The best-case scenario for buying a used engine is to get one off of a good-flying airplane that no longer needs it. Perhaps a runaway plane ran into it and chopped the back half into little pieces, or maybe a hail storm beat it to a pulp. The engine is fine, but the plane is totaled. Or maybe the owner wants to upgrade to a more powerful engine. These can be ideal scenarios for getting used engines. Such opportunities do not come along every day, but if you are taking three or four years to build an airplane, you definitely have time to look. Put the word out to everyone you know and see what happens.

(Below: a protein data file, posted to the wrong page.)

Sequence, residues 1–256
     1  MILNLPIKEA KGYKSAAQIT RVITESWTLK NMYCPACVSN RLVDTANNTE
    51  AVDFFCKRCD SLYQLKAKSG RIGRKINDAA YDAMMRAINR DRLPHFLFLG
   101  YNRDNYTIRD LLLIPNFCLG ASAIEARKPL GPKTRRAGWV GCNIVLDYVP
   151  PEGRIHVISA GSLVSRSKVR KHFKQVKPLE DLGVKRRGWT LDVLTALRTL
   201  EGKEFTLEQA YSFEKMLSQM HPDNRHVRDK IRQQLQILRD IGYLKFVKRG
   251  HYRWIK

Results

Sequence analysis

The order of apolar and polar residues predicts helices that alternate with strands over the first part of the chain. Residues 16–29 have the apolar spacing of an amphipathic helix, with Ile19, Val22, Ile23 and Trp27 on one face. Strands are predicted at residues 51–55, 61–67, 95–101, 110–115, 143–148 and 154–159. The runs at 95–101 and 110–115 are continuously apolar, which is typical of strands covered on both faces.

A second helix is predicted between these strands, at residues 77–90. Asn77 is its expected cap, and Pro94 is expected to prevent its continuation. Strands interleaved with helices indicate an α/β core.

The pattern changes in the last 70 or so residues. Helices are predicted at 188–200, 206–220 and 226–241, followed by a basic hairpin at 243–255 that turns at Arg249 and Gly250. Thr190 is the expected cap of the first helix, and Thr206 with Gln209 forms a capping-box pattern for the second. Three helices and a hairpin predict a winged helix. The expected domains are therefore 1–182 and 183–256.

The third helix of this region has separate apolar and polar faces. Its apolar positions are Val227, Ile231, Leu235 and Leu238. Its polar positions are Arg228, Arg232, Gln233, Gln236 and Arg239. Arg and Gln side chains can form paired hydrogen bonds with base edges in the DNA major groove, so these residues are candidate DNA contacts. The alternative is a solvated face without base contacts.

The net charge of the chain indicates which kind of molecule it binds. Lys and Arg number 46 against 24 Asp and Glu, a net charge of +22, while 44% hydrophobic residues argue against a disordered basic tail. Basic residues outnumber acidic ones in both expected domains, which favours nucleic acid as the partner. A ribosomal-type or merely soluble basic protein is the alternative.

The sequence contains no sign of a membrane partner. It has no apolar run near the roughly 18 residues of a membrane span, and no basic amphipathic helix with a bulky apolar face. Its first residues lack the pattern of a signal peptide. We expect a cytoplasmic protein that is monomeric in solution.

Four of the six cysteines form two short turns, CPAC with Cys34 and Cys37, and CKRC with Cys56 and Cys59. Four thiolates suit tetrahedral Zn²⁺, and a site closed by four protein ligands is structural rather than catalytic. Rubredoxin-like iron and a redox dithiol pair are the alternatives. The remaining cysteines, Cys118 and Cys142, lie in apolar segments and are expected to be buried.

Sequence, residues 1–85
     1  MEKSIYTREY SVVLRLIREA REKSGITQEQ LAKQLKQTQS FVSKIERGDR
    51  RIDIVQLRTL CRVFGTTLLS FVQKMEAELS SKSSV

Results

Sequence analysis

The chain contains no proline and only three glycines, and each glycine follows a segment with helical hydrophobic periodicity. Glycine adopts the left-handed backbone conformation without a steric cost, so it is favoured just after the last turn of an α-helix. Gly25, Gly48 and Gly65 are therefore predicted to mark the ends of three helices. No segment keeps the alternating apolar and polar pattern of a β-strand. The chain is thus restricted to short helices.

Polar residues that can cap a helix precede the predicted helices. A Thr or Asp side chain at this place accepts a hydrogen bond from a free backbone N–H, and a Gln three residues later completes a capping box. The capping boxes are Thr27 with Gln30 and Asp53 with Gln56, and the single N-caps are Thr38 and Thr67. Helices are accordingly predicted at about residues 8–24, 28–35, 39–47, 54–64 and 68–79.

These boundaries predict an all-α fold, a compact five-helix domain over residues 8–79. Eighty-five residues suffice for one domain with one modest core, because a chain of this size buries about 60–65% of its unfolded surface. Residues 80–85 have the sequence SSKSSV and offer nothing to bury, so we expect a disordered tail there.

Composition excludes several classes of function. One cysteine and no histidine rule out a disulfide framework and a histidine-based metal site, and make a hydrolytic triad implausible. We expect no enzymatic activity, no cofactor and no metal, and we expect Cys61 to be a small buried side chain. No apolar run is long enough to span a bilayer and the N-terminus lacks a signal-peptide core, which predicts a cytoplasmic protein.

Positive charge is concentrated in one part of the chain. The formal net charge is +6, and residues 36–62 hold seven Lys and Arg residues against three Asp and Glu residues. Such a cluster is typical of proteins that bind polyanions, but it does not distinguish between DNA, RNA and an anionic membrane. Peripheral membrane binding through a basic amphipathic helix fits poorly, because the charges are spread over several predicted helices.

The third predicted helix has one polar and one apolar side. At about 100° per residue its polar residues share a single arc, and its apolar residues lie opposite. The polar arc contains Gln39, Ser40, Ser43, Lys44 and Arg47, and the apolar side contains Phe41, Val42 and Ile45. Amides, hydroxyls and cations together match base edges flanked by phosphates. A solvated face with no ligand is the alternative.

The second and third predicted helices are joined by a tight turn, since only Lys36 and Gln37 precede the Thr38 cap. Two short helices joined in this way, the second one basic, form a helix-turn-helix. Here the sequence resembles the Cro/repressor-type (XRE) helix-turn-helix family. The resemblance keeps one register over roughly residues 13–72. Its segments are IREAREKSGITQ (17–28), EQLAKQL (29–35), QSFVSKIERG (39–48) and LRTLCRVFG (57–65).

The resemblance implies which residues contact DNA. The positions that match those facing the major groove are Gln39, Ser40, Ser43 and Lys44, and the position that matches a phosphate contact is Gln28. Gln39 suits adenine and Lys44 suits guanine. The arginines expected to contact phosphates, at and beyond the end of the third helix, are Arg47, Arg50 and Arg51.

These are the accessory drive gears found in the back of a typical Lycoming engine. The small gear in the lower center is attached to the crankshaft. The gears on either side drive the magnetos, fuel pump, vacuum pump and, in some cases, the prop governor. The gear at the top is the camshaft drive gear. All of these gears are exposed to potential damage whenever there is a prop strike. The failure of any of them can be catastrophic.
The next best scenario is to buy a used engine from someone you know and trust. To be safe, such an engine must have a current, complete logbook. Someone with well-established credibility must be able to vouch for how long it has been since it last operated under its own power, or it must be well preserved in accordance with Lycoming recommendations. Unpreserved engines that were once fine can quickly become rust buckets. Lycomings are particularly vulnerable to rust on the cams and lifters if left unpreserved.